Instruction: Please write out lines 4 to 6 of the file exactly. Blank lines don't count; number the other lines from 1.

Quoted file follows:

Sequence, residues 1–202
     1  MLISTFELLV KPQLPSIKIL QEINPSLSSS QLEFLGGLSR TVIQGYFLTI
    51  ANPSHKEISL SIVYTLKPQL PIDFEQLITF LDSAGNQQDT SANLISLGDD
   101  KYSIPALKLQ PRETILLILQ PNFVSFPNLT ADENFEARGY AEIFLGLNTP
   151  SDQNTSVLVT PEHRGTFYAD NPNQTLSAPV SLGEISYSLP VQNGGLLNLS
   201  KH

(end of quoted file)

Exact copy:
   101  KYSIPALKLQ PRETILLILQ PNFVSFPNLT ADENFEARGY AEIFLGLNTP
   151  SDQNTSVLVT PEHRGTFYAD NPNQTLSAPV SLGEISYSLP VQNGGLLNLS
   201  KH